The Duluth metro area backed away from record employment levels in March but still managed a seasonally low 4.8 percent unemployment rate, according to the Department of Employment and Economic Development.

In St. Louis, Douglas and Carlton counties, employment levels were fairly steady month over month with about 400 jobs lost. However, since March 2017, the area had added 1,400 employees.

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In February employment levels hit a decades-long high. Looking ahead, strength in the labor market should continue.

“I was kind of interested to see what kind of response there would be to job fairs that occured in the last month,” said Erik White, regional labor analyst with DEED. “I’ve heard there was pretty good turnout, both in the Duluth job fair and the one in Virginia. The hiring season begins - and perhaps the data is not showing that yet.”

In March the manufacturing, mining, logging and construction industries together had nearly 3 percent more employees than they did a year ago, and transportation jobs were on the rise as well. Month over month, though, most of these employers were either not hiring or letting a few people go.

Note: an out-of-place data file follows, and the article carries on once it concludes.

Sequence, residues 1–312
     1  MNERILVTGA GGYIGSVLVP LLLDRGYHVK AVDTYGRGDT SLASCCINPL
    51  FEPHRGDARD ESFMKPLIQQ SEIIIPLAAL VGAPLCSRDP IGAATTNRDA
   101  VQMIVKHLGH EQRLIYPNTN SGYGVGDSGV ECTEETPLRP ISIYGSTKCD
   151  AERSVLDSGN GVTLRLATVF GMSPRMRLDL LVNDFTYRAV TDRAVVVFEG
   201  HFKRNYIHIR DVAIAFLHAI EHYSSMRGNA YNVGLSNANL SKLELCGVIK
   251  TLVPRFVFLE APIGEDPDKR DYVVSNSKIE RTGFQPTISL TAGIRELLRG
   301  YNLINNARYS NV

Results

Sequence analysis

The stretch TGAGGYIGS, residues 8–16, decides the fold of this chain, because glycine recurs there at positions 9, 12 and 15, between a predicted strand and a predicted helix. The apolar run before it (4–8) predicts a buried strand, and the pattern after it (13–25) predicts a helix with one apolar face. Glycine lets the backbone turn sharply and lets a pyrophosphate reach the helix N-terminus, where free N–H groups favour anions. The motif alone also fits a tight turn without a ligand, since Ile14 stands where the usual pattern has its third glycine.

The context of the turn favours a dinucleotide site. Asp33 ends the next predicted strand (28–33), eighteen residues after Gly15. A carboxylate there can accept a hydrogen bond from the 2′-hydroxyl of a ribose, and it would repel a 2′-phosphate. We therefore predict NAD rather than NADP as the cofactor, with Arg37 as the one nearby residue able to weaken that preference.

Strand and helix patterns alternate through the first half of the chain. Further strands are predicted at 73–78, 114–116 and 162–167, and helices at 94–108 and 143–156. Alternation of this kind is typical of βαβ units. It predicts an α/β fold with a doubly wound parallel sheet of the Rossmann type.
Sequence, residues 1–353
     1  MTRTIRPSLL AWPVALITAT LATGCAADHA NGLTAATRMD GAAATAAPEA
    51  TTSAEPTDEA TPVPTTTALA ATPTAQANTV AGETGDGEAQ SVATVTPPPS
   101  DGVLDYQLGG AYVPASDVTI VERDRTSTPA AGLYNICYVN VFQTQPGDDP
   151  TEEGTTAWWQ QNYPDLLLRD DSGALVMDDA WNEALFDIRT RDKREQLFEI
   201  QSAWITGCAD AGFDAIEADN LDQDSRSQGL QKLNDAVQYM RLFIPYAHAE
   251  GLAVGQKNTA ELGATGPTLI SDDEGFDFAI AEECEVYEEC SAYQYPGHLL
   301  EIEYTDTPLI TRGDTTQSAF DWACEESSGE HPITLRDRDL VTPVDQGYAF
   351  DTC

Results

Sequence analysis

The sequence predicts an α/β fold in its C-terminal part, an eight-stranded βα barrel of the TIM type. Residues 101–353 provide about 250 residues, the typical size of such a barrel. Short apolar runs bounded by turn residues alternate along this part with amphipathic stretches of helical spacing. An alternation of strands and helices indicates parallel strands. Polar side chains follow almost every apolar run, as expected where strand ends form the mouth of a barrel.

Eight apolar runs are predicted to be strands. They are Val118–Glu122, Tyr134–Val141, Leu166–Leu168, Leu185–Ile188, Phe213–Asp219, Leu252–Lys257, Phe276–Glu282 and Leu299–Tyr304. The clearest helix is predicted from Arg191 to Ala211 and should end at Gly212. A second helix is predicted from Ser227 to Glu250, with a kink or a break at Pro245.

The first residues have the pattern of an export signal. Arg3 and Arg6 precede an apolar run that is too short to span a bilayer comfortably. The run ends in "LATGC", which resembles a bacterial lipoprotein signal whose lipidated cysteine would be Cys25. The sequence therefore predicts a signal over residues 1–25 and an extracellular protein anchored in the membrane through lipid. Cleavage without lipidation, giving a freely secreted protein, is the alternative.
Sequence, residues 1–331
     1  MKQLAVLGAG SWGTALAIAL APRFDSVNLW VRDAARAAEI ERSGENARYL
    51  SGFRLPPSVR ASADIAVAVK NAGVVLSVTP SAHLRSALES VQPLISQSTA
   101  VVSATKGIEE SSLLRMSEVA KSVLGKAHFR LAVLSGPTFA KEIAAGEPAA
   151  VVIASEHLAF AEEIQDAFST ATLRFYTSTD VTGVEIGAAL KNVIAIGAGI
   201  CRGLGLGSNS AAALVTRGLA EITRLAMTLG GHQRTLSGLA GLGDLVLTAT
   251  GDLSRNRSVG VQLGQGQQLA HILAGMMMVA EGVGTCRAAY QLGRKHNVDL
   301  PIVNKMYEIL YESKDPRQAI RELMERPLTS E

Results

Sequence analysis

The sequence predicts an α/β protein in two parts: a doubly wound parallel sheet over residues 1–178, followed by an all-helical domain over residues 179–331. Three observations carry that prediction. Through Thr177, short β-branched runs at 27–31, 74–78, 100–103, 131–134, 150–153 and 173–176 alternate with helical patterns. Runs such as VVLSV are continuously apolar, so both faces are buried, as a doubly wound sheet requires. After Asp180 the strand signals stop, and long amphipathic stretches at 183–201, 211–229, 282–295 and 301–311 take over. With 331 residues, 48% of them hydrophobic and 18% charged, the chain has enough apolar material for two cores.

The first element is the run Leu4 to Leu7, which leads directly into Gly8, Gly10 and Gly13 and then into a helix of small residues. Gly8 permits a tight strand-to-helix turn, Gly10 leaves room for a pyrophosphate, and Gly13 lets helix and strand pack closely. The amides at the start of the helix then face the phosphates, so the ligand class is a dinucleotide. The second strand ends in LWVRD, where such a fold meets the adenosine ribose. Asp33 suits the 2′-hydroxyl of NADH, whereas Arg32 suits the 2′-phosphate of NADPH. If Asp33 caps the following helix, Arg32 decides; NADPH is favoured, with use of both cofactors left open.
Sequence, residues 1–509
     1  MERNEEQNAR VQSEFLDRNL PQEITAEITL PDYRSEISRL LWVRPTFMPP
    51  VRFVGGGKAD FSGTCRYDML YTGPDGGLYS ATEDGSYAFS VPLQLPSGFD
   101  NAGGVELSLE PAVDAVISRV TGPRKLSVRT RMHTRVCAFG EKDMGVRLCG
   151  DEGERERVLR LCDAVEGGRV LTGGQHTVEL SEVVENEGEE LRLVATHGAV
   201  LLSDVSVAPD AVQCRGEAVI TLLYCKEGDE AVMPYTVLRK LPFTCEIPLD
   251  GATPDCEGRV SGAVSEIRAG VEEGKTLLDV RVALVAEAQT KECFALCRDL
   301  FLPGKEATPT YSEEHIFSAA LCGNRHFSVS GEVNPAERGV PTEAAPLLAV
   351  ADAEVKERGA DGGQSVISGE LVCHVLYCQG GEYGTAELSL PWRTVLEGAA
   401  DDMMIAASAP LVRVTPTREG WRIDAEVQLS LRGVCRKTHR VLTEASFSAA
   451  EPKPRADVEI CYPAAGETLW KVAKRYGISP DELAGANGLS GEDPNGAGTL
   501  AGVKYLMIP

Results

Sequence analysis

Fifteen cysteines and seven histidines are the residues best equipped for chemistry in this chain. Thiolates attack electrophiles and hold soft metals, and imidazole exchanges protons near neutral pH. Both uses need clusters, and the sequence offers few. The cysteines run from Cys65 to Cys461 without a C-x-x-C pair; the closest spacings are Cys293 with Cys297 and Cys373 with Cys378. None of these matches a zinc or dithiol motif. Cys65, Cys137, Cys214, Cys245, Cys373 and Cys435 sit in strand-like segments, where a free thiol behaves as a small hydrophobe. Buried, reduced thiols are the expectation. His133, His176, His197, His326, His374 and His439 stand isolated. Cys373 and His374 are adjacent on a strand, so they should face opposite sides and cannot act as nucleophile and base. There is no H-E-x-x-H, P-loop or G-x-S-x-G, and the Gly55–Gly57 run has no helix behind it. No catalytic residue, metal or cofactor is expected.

Education and health jobs, which comprise nearly a fourth of the region’s employment, had a rare dip between February and March though the sectors grew by 1.7 percent year-over-year.

“Especially when it’s a quarter of the economy, that’s considerable,” White said.

The unemployment rate inside Duluth fell a hair to 3.4 percent as a few hundred people dropped out of the labor market last month. In Cloquet the rate ticked up to 5.7 percent, while Hibbing and Virginia kept relatively low rates of 5.2 and 5 percent, respectively.

Across Minnesota in March, about 3.8 percent of people who were looking for a job did not have one last month.

In Superior, the unemployment rate fell to 3.4 percent in March, compared with a statewide average of 3.2 percent.

The U.S. unemployment rate was 4.1 percent in March.